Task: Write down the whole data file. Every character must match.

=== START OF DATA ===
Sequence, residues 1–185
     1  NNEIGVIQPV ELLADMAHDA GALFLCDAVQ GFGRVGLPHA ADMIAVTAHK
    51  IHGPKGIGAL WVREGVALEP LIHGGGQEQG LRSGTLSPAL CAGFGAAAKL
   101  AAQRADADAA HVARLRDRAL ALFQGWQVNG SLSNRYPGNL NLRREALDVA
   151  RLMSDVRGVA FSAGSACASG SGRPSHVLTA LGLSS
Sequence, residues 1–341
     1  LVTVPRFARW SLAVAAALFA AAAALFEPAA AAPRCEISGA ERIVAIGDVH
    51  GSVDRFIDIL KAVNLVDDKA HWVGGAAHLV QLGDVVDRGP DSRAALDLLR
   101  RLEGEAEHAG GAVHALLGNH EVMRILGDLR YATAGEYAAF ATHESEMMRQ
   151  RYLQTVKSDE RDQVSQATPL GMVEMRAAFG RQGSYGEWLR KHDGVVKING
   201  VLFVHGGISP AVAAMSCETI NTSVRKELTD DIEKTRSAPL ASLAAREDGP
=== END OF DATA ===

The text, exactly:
Sequence, residues 1–185
     1  NNEIGVIQPV ELLADMAHDA GALFLCDAVQ GFGRVGLPHA ADMIAVTAHK
    51  IHGPKGIGAL WVREGVALEP LIHGGGQEQG LRSGTLSPAL CAGFGAAAKL
   101  AAQRADADAA HVARLRDRAL ALFQGWQVNG SLSNRYPGNL NLRREALDVA
   151  RLMSDVRGVA FSAGSACASG SGRPSHVLTA LGLSS
Sequence, residues 1–341
     1  LVTVPRFARW SLAVAAALFA AAAALFEPAA AAPRCEISGA ERIVAIGDVH
    51  GSVDRFIDIL KAVNLVDDKA HWVGGAAHLV QLGDVVDRGP DSRAALDLLR
   101  RLEGEAEHAG GAVHALLGNH EVMRILGDLR YATAGEYAAF ATHESEMMRQ
   151  RYLQTVKSDE RDQVSQATPL GMVEMRAAFG RQGSYGEWLR KHDGVVKING
   201  VLFVHGGISP AVAAMSCETI NTSVRKELTD DIEKTRSAPL ASLAAREDGP